TunnelBear VPN Review and Test Results
TunnelBear is a user-friendly, simple, and secure VPN service based in Canada. While it does have some drawbacks, overall TunnelBear performed well in testing for this review. I found the speeds to be pretty good throughout the server network while also offering good reliability.
While the bear theme seems a bit overdone at times, the underlying VPN is still a decent option at a very reasonable price. Keep reading for an in-depth review and testing report or check out the TunnelBear website to learn more >>
- User-friendly applications
- Good speeds and reliability
- Competitive price
- Browser extension
- Responsive and professional support
- Based in Canada (Five Eyes)
- Contradictory “no logs” claims
(+ Free tier)
Passed all tests.
*But you can use the desktop VPN client as one hop, and the browser proxy as another.
Tunnelbear VPN is a service offered by Tunnelbear Inc. based in Toronto, Canada.
As we have covered before, Canada is not the best jurisdiction for a VPN because it is a member of the Five Eyes surveillance alliance.
Overall I found TunnelBear VPN to offer a good, basic service with decent performance throughout the server network.
TunnelBear VPN offers applications for the following operating systems:
TunnelBear also offers browser extensions, which we will cover in detail further below.
Linux – TunnelBear supports Linux, even though they currently do not have a dedicated Linux app.
Routers – Using a VPN on a router is unfortunately not possible with TunnelBear VPN at the moment. See the VPN router guide for additional options.
Overall TunnelBear is somewhat limited when it comes to supporting a diverse array of operating systems and devices. For example, there is no option to download the OpenVPN configuration files for use on routers or with third-party VPN applications.
TunnelBear offers good data encryption using the 256-bit AES OpenVPN cipher for Windows, Mac OS, and Android. The IKEv2 cipher is used for iOS, which is the best option at the moment due to the iOS configuration settings. Here is an overview from the TunnelBear website.
Both OpenVPN and IKEv2 are secure and reliable encryption ciphers. Each has pros and cons.
OpenVPN is open source, but it requires the use of a third-party client and is more CPU-intensive.
IKEv2 can be used natively on various devices (no app required) and runs with less CPU, but it is also not open source.
TunnelBear VPN price
The basic price tiers for Tunnelbear are free (limited to 500 Mb of data), $9.99 (monthly), and $4.16 (annually). These plans are respectively referred to as Little, Giant, and Grizzly in the pricing plans below.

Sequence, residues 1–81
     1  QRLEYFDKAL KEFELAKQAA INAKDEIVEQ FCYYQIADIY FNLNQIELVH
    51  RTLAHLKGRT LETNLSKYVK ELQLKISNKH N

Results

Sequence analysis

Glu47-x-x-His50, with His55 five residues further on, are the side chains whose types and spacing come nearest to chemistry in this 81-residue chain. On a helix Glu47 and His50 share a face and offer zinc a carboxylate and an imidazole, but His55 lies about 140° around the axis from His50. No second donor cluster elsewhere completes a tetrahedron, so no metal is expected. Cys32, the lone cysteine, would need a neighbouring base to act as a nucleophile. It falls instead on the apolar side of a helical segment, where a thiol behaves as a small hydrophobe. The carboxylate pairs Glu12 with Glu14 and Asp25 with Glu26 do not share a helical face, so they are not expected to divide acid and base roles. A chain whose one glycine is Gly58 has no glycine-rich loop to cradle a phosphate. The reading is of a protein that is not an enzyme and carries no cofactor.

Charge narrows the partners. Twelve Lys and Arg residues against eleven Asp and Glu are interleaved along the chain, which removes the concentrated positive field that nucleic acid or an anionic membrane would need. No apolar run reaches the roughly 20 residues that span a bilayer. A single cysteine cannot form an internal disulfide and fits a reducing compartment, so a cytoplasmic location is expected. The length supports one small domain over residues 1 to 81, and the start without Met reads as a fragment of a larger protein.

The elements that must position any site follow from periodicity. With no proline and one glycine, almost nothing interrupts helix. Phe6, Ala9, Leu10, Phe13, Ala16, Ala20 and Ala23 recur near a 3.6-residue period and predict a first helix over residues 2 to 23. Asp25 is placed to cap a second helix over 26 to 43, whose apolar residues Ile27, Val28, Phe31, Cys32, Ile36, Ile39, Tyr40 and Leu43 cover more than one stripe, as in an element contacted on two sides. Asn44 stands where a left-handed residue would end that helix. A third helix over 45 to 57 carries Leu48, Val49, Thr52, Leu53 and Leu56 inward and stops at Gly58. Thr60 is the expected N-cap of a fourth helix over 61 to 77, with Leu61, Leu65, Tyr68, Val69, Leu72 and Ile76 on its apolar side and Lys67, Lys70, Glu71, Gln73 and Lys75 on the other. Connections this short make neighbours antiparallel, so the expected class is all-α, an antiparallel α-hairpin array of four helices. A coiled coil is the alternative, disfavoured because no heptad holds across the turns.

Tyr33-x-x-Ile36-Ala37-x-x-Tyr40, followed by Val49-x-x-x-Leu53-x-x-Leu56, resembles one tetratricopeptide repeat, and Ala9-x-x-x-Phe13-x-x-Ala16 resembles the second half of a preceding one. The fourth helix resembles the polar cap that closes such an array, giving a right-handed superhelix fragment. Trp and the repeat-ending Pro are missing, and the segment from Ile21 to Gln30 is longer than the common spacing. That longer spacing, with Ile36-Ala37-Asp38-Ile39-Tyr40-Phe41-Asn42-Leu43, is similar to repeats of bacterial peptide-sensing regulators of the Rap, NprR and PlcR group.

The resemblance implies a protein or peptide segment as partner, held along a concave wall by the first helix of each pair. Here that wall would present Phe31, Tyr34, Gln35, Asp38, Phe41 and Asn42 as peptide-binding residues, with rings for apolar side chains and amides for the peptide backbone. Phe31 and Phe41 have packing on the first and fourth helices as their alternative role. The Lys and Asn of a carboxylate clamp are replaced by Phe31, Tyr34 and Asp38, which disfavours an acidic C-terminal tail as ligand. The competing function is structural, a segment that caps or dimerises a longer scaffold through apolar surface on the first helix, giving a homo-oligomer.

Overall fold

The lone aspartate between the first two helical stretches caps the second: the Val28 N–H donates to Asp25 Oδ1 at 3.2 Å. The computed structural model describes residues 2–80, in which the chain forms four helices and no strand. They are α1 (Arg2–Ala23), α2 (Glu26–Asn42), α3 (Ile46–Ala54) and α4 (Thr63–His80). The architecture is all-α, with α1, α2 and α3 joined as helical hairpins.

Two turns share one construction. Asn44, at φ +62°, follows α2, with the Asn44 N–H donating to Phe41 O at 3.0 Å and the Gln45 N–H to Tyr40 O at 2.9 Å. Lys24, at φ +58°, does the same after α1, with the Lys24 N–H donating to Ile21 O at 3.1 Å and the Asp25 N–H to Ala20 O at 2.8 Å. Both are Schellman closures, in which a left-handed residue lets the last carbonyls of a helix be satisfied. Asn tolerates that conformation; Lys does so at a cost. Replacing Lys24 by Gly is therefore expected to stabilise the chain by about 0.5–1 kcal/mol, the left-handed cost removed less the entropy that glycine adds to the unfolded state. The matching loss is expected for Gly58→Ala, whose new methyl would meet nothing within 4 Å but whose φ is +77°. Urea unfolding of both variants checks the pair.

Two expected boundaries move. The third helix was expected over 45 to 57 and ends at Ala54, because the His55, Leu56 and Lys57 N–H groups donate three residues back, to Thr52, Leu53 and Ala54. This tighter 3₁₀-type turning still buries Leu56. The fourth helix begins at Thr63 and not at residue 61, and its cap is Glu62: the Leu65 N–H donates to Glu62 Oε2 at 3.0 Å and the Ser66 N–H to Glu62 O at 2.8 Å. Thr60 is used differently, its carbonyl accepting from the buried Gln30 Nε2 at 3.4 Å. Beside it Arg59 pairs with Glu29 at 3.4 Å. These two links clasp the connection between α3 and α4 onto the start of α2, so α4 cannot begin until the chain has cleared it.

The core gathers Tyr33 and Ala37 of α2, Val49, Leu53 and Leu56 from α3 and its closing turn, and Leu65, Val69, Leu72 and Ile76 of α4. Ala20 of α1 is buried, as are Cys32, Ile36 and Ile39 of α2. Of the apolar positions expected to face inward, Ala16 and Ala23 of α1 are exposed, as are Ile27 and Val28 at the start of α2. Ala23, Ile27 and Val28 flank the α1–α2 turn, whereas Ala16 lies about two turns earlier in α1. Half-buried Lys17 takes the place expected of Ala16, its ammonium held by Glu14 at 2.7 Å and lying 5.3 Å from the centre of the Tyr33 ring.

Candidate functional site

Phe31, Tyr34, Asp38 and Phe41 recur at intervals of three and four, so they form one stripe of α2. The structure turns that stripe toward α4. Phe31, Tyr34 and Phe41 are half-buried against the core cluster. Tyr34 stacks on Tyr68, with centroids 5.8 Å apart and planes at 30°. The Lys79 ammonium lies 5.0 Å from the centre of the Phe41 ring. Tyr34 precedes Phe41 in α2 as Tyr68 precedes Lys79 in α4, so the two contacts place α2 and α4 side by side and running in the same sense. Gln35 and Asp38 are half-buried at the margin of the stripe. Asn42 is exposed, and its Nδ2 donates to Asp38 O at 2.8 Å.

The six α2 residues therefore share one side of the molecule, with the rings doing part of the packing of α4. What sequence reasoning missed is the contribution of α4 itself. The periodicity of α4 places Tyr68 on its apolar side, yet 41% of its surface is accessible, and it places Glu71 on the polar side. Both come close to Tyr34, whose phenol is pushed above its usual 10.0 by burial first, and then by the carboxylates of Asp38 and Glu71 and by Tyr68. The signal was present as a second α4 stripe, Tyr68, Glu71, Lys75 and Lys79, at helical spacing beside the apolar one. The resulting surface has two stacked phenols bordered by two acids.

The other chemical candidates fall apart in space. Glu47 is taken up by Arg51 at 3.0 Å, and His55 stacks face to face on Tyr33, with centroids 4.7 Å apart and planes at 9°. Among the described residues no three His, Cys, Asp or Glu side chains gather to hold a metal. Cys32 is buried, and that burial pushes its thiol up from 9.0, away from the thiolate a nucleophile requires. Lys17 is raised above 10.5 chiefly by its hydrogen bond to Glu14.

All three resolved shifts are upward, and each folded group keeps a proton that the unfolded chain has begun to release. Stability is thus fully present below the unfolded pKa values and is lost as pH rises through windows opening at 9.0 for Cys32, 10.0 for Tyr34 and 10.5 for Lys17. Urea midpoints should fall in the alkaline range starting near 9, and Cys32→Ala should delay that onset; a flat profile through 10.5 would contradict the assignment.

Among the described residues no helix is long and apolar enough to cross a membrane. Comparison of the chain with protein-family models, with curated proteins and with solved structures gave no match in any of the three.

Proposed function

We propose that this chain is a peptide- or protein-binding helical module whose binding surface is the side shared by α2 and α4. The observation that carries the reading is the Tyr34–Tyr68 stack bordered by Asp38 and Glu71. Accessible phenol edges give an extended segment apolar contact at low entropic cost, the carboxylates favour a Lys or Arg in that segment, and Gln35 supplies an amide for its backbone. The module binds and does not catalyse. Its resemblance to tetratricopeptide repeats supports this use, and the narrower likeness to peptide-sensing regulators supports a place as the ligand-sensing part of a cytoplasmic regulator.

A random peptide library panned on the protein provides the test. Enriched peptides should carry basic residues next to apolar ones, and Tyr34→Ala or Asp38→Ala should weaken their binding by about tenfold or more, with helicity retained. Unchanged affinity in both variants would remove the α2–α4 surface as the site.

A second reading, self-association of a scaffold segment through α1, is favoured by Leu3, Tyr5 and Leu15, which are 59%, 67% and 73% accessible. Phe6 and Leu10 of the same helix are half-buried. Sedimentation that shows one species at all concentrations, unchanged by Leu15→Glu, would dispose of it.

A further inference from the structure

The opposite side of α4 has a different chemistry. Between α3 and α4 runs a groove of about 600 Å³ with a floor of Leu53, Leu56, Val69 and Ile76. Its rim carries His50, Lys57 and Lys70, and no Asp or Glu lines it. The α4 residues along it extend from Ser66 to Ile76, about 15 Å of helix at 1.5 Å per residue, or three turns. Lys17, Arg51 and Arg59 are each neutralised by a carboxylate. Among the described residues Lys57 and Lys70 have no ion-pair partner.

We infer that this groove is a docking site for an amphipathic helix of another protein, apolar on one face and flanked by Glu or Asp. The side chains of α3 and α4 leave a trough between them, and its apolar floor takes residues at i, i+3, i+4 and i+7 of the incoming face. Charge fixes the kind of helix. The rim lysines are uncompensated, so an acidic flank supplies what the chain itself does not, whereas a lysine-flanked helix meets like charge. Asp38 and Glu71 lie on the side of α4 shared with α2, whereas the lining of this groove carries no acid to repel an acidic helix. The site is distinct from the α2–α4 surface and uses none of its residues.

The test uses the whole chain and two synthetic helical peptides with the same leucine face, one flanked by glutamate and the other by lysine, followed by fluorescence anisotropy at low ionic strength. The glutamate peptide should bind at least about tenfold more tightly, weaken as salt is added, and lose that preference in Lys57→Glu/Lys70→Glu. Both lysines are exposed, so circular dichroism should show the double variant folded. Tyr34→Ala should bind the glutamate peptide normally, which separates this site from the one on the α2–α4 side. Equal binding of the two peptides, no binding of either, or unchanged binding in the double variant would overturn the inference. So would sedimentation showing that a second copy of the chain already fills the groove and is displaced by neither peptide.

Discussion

You can get more details about the different pricing plans on their website here.
One interesting aspect of Tunnelbear is that there are no refunds. Most VPNs that offer a free trial or free version do not offer refunds, or at least give you a very limited window for a refund. For example, VyprVPN (review) offers a three day free trial, but after that, there is no refund.
The no refund policy is clearly explained on TunnelBear’s website:
The official policy is that all payments are non-refundable – but they may grant certain exceptions depending on your situation.
As a comparison, there are also VPNs that do not offer any free trial, but they give you a long refund window. For example, two VPN services that offer a full 30 day refund policy are:
TunnelBear free VPN
TunnelBear free VPN limits you to only 500 Mb of data per month, which for most people, won’t last very long.
However, unlike with other free VPN services, such as Windscribe, TunnelBear free VPN gives you access to the entire server network (with the exception of the Australia server).
More data – You can get more data by tweeting about TunnelBear.
This will give you an extra 1 GB of data, but that still probably won’t last long for most people (solution = upgrade to the paid plan).
After running out of the 500 MB of free VPN data, you will get the alert below and then not be able to connect to any server.
Consequently, you will probably need to upgrade to the paid VPN service. But the 500 MB of data will be enough for you to at least test out the VPN before buying.
You can get your free TunnelBear VPN account here >>
TunnelBear VPN leak protection
Overall, TunnelBear did well in testing.
TunnelBear offers a good leak protection option which is called VigilantBear. This feature acts as a kill switch to block all traffic when there is no active VPN connection and can be activated directly within the VPN application.
I tested this out and found it to work properly without any issues on Windows and Mac OS.
Windows – Here is a leak test using the TunnelBear Windows VPN client with a server in Norway (no leaks).
Testing for the TunnelBear Windows client was done using a Windows 10 desktop.
Mac OS – I really liked the look and feel of the TunnelBear Mac OS client. You can click a simple dropdown from the Mac OS dashboard to select your server or modify the settings. Everything worked well without any problems, bugs, or leaks to report.
Testing for the TunnelBear Mac OS client was done using the latest version of Mac OS High Sierra.
It is important to remember to enable VigilantBear – the leak protection feature – to be protected against leaks. As of right now, it does not look like this feature is enabled by default.
You can test for leaks and any other issues using the VPN test guide.
Tunnelbear obfuscation (GhostBear)
TunnelBear provides an obfuscation (Stealth VPN) feature called GhostBear.
This basically hides (obfuscates) your VPN traffic to protect you against deep packet inspection (DPI) and VPN restrictions. Obfuscation is a must-have feature where VPNs are getting blocked. This is often the case in restrictive countries, such as China and Saudi Arabia, as well as with work or school networks.
There have also been reports of internet service providers interfering with VPN traffic. I’ve seen different websites claiming that this is happening in both the United States as well as some countries in Europe.
TunnelBear’s obfuscation could potentially solve that problem.
The GhostBear obfuscation feature is available on Windows, Mac OS, and Android. You can enable the GhostBear feature under Settings > Security as seen below with the TunnelBear Windows client.
Tunnelbear uses Obfsproxy as its primary obfuscation feature.